Over the past few years, dietary ketosis has become a buzzed-about topic in the endurance world. Runners, cyclists, climbers, and swimmers are giving up usually carb-loaded diets in favor of a low carb, high fat alternative. The promise is this: improved energy, weight loss, and no more bonking. Anti-aging benefits, increased cognitive function, and decreased inflammatory response are also counted amongst the benefits of a ketogenic diet.
But at what cost? Those experts against keto for endurance athletes say it’s a quick road to digestive troubles, lack of moderation, and bad breath.
First- let’s do a breakdown of how it works. A ketogenic diet is meant to change the way your body fuels your muscles and your brain. Usually, your body relies on glucose from carbs to provide energy, but by cutting carbohydrate intake to less than 50 grams a day, your body learns to fuels itself on ketones instead. Ketones are formed in the liver from fatty acids the body creates as a stress response to lack of carbs. In a ketogenic diet, around 75 percent of calories are derived from fats, 20 percent from protein, and the remaining 5 percent from carbohydrates.
Because your body is burning fat as fuel, weight loss happens rapidly. This isn’t only because of increased fat burning, but also because eating high fat foods can reduce appetite. Many individuals will end up eating fewer calories over the course of their days.
Fat Burning During Time Off
Maintaining the high calorie/high carbohydrate diets most athletes are used to during inevitable periods of downtime can wreak havoc. Following a ketogenic diet allows athletes to burn fat even while resting.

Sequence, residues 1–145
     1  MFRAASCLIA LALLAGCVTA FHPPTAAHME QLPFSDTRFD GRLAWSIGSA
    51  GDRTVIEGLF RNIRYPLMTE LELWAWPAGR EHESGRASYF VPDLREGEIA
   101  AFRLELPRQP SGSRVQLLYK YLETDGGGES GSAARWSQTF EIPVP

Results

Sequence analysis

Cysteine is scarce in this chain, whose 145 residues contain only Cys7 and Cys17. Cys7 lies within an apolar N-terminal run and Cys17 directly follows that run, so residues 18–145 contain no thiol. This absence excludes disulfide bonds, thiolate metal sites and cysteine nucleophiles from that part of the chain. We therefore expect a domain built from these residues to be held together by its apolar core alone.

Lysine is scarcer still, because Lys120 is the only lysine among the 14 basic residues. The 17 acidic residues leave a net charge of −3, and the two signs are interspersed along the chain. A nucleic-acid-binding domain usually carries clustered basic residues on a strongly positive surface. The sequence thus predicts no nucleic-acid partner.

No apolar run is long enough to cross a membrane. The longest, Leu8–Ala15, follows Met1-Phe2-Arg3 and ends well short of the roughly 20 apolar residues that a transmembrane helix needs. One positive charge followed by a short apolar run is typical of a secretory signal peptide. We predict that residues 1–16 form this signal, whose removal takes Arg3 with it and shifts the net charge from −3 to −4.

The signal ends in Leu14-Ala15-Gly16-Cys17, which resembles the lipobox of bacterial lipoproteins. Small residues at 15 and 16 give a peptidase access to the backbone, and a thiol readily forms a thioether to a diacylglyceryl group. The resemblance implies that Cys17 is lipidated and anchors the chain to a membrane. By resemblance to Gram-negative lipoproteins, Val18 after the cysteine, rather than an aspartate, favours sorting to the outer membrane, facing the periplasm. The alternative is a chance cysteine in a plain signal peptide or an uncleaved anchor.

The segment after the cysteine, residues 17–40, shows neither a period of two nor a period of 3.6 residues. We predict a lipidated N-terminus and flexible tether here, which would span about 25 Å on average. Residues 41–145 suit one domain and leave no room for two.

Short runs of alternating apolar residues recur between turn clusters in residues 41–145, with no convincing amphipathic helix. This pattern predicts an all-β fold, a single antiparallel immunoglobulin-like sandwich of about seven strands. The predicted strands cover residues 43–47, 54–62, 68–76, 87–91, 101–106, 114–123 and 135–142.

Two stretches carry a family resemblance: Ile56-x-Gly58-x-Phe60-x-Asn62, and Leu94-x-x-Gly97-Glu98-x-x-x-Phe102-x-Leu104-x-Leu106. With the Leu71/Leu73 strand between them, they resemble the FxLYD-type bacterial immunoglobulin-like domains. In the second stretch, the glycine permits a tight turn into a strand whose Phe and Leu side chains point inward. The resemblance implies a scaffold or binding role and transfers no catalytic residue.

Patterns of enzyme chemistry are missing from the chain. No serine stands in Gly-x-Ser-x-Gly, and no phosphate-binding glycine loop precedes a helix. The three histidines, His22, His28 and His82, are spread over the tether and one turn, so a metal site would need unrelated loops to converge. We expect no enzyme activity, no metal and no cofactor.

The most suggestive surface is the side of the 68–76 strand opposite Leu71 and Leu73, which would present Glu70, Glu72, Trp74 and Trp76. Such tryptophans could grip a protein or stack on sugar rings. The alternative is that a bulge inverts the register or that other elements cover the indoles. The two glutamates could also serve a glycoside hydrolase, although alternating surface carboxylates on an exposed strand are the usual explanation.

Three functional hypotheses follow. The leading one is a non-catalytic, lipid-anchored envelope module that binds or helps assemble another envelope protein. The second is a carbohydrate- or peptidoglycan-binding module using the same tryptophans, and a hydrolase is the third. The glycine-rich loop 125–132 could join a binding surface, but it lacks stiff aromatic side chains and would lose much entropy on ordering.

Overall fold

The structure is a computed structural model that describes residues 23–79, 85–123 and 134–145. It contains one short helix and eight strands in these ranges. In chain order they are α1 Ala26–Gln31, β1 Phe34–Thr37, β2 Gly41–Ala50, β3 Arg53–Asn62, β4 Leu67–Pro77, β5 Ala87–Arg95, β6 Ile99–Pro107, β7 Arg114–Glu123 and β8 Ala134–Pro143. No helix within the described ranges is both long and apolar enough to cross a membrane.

Insulin and metabolism
Many athletes experience sensitivity to insulin- a hard time metabolizing glucose and storing it for later. Going ketogenic for a period of time may reset this sensitivity and improve performance.
For a number of individuals, following a ketogenic diet can reduce glucose- induced brain fog and help with better mental function.
Time to Adapt
Both sides of the keto argument agree that there’s an adjustment period when beginning the diet- headaches, low energy, intense cravings, and cramps are just a few of the symptoms reported after cutting down carbs.
Restrictive and Strict
Results happen when the dieter is extremely diligent- if the dieter messes up, an adjustment period may need to be initiated again. It’s also extremely difficult to get all of the nutrients required in a healthy diet and supplementation is needed.
A higher fat diet is connected to heart disease and in keto, a dieter’s consumption of fats is more than double what’s recommended by experts.
Any significant change to diet can impact digestion. Furthermore, in a ketogenic diet, fiber consumption tends to be extremely low, leading to constipation and a host of other issues.
Negative Impact on High Intensity
Endurance performance may be maintained, but high intensity exercise will be impacted without an adequate glucose supply. Most training plans include high intensity work to reach relevant endurance goals so this should be a serious consideration.
Ultimately, every athlete reacts differently to the introduction of an extreme diet and adequate research is required. For every athlete who swears by a keto diet, there’s another who reports negative results. If you decide that you’re committed to trying it out, there are a few things you should do to be as safe as possible, including working with a nutritionist to hold you accountable to nutrition goals, taking supplements to cover any deficits you may have, choosing healthy fats, and staying hydrated as a keto diet may impact your ability to store water.
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